As my dear friend Tony Arend observes, the Supreme Court will hear a case this week raising the extent to which US courts are an appropriate forum for foreign plaintiffs to sue foreign defendants over alleged human rights violations that took place (if at all) outside the United States. Tony's post has links to all the pertinent documents.
I come down in more or less the same place as the WSJ. Because the "plaintiffs are Nigerians who allege that a European company arranged with Nigerian authorities to quell protests against oil drilling in Nigeria," one is constrained to ask: "Why is this in an American court?" The short answer is that it shouldn't be:
So who's pushing this imperialistic concept of U.S. legal jurisdiction? You have the usual suspects in the left-wing human-rights crowd, who are happy to see corporations tied up anywhere, anytime, for any reason. Amnesty International and Human Rights Watch have submitted a brief on behalf of the Kiobel plaintiffs. News flash: Almost all serious rights violations are committed by governments, not corporations.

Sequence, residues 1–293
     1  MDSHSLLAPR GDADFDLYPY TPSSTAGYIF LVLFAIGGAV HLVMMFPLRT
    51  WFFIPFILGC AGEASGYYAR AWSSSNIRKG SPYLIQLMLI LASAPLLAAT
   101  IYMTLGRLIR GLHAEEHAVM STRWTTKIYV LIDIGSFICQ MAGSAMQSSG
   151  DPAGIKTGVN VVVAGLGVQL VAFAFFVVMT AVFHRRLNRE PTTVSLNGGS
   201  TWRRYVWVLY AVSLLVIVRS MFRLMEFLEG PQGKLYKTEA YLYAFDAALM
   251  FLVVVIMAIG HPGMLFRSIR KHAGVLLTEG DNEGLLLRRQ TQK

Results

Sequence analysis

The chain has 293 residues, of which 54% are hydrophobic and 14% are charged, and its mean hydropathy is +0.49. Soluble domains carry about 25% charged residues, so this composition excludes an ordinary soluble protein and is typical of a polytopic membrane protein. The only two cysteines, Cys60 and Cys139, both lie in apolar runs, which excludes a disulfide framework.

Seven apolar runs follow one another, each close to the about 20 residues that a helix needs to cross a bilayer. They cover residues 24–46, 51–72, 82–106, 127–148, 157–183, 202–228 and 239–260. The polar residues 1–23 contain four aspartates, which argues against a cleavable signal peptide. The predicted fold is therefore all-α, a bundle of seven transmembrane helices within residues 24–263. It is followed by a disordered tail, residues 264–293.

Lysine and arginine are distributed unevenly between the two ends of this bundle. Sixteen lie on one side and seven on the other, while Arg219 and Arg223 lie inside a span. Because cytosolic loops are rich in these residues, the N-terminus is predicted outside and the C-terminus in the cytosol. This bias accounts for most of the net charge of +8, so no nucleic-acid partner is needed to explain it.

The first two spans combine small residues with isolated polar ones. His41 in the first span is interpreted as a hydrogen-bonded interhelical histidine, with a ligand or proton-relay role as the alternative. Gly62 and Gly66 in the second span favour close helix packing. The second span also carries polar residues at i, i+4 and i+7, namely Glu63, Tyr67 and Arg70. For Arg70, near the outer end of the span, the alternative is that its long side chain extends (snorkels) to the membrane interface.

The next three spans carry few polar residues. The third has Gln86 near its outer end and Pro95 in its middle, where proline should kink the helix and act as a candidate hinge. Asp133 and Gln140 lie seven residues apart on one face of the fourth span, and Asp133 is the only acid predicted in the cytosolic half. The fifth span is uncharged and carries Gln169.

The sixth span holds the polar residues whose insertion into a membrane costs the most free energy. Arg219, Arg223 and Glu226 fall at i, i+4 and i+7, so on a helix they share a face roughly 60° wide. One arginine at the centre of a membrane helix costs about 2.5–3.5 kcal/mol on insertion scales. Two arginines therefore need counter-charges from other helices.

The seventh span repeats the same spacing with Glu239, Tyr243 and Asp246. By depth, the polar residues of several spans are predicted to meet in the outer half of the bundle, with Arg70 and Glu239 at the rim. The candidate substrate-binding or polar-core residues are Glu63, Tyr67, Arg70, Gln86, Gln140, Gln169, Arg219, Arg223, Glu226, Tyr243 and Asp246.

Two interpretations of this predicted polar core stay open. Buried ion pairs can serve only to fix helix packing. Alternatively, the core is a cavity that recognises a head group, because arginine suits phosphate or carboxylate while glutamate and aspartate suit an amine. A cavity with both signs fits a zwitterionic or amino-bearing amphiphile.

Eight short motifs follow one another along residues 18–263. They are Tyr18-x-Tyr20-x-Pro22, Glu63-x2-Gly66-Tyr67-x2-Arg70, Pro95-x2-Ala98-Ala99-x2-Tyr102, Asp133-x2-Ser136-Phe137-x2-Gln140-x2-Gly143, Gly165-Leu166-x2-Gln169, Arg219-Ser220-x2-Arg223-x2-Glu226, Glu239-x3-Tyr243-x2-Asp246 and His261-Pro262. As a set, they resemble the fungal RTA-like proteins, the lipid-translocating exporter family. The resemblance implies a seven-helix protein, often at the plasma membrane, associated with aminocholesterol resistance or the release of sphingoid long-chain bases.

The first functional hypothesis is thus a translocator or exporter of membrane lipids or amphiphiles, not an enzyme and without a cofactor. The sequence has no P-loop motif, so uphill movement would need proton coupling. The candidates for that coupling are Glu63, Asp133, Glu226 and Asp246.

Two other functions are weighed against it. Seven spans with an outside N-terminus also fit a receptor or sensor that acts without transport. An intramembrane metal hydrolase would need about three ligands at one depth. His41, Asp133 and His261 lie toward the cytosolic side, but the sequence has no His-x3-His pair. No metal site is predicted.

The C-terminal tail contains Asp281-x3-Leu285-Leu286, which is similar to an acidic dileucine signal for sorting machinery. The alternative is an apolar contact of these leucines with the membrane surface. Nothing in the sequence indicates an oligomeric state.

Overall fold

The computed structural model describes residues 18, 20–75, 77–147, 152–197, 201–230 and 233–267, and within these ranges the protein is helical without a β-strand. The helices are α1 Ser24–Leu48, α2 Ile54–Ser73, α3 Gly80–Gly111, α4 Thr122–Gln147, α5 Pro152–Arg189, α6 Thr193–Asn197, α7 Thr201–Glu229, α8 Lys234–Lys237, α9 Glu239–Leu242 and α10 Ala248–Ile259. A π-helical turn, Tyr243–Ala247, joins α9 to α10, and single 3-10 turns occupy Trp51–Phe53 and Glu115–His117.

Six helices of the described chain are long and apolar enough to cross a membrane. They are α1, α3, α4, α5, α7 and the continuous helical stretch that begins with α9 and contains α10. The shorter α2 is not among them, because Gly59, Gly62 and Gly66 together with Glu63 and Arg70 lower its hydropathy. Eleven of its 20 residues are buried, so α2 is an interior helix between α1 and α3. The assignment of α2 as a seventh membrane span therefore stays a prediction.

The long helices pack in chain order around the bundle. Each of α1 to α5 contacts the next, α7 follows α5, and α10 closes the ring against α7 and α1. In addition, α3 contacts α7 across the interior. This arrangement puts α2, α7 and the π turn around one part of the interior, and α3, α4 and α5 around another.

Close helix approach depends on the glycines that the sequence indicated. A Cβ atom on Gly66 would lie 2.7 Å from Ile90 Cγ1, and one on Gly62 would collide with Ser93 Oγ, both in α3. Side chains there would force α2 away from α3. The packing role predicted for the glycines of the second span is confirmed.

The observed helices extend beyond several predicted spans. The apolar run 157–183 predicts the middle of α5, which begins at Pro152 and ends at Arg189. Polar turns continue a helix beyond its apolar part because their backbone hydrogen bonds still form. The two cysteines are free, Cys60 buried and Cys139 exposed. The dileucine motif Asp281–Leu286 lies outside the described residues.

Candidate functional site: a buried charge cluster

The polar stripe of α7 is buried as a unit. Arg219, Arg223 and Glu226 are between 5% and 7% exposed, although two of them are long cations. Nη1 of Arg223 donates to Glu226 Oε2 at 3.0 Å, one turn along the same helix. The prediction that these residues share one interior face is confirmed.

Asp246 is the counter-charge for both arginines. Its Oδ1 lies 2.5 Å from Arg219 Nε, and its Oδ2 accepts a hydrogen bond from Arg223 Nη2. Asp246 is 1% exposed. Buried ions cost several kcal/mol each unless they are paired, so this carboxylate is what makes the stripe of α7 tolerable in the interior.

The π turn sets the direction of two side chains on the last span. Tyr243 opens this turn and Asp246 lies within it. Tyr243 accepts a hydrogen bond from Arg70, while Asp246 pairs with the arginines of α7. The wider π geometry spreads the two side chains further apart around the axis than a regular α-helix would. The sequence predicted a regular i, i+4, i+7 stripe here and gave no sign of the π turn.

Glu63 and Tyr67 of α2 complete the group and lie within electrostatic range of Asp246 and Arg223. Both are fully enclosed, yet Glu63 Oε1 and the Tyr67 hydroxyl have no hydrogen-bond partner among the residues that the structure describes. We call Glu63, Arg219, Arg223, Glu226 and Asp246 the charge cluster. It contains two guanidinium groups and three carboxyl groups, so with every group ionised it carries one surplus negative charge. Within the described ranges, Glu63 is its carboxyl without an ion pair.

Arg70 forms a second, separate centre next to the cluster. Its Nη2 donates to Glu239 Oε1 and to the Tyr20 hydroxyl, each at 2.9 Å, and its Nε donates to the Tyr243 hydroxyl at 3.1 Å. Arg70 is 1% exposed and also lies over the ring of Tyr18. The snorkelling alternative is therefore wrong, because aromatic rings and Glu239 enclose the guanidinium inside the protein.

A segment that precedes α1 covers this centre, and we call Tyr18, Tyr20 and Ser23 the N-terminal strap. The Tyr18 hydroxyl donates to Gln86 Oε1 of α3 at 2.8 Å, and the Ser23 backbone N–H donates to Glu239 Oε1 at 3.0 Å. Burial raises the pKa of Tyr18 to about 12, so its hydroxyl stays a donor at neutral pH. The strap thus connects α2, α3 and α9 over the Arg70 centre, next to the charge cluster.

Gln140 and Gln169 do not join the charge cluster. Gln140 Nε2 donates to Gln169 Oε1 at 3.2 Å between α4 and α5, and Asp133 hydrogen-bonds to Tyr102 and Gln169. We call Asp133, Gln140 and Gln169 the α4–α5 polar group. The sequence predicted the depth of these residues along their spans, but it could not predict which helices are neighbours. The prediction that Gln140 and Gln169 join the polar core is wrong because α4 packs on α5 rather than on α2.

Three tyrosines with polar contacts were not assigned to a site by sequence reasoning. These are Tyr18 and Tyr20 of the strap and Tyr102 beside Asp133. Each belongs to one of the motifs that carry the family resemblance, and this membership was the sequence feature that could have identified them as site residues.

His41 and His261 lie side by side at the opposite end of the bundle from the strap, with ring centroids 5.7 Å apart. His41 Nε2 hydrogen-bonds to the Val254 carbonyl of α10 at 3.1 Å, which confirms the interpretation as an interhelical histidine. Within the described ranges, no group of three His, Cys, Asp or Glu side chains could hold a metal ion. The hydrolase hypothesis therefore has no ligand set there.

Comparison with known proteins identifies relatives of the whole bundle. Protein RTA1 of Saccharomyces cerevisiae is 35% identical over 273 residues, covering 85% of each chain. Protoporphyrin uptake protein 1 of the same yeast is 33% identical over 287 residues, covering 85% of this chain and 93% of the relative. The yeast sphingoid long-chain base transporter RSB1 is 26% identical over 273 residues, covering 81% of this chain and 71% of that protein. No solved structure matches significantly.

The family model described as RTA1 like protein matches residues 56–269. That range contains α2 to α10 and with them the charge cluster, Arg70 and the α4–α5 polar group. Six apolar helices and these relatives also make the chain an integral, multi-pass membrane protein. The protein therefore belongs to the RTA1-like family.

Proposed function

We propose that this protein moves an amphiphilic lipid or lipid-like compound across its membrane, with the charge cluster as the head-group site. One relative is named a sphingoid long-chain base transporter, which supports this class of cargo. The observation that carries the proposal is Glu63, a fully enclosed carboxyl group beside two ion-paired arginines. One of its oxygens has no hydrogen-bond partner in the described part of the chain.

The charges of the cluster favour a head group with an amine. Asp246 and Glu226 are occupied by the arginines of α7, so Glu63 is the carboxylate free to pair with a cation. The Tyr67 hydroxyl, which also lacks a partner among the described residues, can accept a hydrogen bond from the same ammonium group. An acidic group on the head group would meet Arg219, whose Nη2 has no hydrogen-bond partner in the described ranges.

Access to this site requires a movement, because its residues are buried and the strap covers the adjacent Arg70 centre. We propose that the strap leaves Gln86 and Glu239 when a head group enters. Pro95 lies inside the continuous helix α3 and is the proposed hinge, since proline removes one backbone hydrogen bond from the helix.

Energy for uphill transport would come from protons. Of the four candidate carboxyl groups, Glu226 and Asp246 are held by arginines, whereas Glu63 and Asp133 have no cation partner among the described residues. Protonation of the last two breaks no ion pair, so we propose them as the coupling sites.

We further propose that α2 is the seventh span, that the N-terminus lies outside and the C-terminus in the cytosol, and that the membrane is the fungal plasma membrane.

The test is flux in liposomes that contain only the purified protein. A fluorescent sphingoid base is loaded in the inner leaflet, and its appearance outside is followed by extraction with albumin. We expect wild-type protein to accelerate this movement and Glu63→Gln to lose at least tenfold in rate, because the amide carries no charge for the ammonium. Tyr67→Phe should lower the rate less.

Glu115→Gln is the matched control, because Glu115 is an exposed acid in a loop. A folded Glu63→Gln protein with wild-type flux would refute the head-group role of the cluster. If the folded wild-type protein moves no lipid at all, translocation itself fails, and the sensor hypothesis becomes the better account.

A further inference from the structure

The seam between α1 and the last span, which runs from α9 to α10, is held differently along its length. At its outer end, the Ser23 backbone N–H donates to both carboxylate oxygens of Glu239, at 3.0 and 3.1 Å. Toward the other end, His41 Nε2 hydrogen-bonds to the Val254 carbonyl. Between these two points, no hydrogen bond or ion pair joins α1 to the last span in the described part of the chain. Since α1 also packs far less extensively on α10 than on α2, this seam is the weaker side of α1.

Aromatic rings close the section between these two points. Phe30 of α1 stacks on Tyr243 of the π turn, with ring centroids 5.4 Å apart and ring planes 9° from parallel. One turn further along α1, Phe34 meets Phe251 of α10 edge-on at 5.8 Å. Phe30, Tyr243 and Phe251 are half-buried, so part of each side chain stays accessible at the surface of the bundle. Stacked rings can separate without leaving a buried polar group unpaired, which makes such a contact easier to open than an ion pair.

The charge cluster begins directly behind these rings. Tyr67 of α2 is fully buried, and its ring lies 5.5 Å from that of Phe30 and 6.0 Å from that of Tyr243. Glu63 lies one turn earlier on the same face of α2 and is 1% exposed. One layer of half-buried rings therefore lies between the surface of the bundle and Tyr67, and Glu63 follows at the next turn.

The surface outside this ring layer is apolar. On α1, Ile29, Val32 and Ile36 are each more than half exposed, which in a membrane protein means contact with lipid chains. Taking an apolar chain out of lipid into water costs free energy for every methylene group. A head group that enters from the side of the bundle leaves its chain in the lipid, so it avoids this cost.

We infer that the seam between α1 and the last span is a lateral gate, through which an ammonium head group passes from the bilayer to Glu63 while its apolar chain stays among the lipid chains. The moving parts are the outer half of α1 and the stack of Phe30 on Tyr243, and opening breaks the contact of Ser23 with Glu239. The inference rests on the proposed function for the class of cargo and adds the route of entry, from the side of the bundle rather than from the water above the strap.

Then there are the trial lawyers, who see the potential for big paydays. This is the U.S. lawsuit industry going global, and you can imagine the diplomatic complications if American courts become the venue for all of the world's human-rights activists. Imagine, too, the risks for U.S. companies if other nations choose to retaliate.
Where CJ Roberts comes down on this case may be a good signal of whether his liberal- and MSM-pleasing decision in the Obamacare legislation was a one-time aberration or a signal that he's permanently lost his senses and become another victim of the Greenhouse effect.